Readers Choice: Churchills Pub

Driving along Biscayne Boulevard, you could easily zip past this watering hole, tucked into the end of a modest strip mall that appears all the humbler for its location across from a brash new center with a Jumbo Buffet and a Starbucks. As befits a local hang, Billy's has dartboards, a pool table, a genuinely friendly bartender chatting amiably with newcomers and regulars alike, and an eclectic jukebox with selections ranging from the Violent Femmes' "Blister in the Sun" to Gordon Lightfoot's mournful "The Wreck of the Edmund Fitzgerald." The evening vibe is so low-key you'd be drinking backward if it were any chiller, but Billy's comes into its own in the wee hours. The bar stays open until 6:00 a.m. and runs specials between midnight and 2:00 a.m., with most well drinks half price (they're only about three dollars to start) and draft beers a mere 75 cents. Female patrons should be aware that the mirror over the ladies' room creates a fun-house image and is no reflection on your level of consumption.

Readers Choice: Normans Tavern

Across the street from the Diamond Club, a seemingly endless line of nightcrawlers wraps around the corner, waiting to get into Level. Cars cruise along Washington Avenue, drivers honk their horns, and passengers try to pick up women traipsing around in tight-fitting clothes that show off lots of cleavage. It's a typical night in South Beach. But inside this pool joint, patrons are focused on only one thing: sinking a shot, preferably the eight ball. Diamond's cool atmosphere, spacious layout, and plentiful tables make for a primo pool-playing place. And the wide, wonderful view of Washington Avenue will tantalize those who must people-watch as they rack 'em up. Plus it is open way late -- till 5:00 a.m. seven days a week.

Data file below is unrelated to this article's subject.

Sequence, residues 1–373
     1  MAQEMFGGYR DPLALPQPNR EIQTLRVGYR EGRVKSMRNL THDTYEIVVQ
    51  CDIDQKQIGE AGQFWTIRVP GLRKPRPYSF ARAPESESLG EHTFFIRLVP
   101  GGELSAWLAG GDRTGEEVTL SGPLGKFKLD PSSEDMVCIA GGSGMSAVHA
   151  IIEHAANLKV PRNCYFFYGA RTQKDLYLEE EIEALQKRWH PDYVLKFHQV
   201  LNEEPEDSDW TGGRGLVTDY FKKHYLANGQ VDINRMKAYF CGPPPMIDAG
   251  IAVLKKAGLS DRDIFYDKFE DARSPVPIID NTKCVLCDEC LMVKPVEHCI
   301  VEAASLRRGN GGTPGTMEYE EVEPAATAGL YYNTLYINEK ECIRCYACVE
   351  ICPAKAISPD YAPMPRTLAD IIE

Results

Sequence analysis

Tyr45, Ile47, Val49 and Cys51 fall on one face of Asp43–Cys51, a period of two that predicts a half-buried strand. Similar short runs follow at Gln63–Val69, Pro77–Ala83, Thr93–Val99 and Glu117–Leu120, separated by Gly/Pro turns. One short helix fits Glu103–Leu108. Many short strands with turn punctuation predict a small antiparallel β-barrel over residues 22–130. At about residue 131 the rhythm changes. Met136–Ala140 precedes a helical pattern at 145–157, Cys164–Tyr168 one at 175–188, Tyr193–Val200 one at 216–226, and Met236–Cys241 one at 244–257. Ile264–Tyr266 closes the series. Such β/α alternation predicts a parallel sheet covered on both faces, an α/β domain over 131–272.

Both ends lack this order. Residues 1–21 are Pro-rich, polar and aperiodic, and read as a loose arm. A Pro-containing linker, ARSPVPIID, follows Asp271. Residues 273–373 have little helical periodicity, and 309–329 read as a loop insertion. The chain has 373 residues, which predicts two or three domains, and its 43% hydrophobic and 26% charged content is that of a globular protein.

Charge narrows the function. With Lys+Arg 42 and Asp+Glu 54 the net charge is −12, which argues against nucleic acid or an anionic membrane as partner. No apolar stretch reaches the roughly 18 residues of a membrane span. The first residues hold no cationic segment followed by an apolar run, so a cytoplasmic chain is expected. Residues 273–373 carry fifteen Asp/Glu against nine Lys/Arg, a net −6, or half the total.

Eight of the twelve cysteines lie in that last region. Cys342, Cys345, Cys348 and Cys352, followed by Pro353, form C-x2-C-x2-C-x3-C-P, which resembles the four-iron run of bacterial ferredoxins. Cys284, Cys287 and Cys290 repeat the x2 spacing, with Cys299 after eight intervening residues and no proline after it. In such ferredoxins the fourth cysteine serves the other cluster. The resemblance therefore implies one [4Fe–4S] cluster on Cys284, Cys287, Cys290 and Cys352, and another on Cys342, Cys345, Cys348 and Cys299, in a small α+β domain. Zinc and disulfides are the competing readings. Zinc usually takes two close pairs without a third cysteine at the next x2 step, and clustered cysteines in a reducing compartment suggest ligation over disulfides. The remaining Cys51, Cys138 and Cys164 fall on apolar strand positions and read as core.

Oscar G, the G standing for Gaetan, blends a unique combination of pounding, hardfloor beats and smooth melody, without compromising soulful rhythm, something lost on much of house music. His residency at Club Space has made him bigger in the club scene than trance king George Acosta, which makes sense considering he taught Acosta the ropes. His fame came by way of his Murk Boys productions with partner Ralph Falcon. Their early tracks laid the foundation for house music in Miami, bringing it out of the gay clubs and into the mainstream. He has steadily become Miami's most promising export. According to local label heads like SFP Records' Marc Sacheli, "Oscar is bigger in France than Paul Oakenfold."

Readers Choice: DJ Snow White

A good neighborhood bar is just as appealing to folks from afar as it is to round-the-way regulars. Hooligan's is that kind of neighborhood bar. College kids from all over town converge on the sports bar on hump day, where the gals really do get wild, up onstage or up on chairs and sometimes just up on anything. Watching sporting events at this joint is second only to being at the game in person. Two theater-size screens broadcast main events, and more than fifteen smaller televisions line the walls of the entire bar/grill. There's a pool hall in the back and an arcade. Of course there are happy-hour specials, a beer stock full of imports, and the best conch fritters this side of Key West.

Readers Choice: Hooligans Pub & Oyster Bar

Best Of Miami®

Best Of Miami®